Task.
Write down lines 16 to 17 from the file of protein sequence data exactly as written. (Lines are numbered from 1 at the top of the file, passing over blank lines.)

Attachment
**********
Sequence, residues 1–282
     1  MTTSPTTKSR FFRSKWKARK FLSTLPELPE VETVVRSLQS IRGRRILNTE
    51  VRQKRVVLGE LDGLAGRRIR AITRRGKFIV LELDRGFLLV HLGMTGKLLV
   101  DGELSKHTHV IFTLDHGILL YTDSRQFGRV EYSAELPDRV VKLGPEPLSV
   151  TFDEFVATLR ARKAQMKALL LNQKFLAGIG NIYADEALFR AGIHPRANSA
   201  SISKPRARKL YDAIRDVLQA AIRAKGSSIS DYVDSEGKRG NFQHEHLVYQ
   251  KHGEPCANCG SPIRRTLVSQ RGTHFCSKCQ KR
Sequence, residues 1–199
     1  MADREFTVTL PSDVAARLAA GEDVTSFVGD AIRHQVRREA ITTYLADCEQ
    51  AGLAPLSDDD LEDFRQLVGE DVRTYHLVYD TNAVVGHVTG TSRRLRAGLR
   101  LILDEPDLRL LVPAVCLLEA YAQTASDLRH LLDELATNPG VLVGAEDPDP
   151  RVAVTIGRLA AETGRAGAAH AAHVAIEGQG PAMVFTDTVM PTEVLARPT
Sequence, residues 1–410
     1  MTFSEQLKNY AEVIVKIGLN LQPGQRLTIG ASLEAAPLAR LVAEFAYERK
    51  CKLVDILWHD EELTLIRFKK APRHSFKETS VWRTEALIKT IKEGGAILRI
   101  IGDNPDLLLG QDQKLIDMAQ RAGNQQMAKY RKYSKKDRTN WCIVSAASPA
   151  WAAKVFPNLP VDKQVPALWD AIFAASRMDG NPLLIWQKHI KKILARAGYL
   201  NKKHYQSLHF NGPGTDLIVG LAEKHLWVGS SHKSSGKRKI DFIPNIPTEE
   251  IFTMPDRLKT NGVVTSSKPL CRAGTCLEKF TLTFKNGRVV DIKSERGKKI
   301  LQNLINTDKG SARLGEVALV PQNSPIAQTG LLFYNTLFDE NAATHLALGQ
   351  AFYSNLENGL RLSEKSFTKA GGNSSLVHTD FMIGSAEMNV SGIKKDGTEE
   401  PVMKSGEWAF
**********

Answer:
   101  IGDNPDLLLG QDQKLIDMAQ RAGNQQMAKY RKYSKKDRTN WCIVSAASPA
   151  WAAKVFPNLP VDKQVPALWD AIFAASRMDG NPLLIWQKHI KKILARAGYL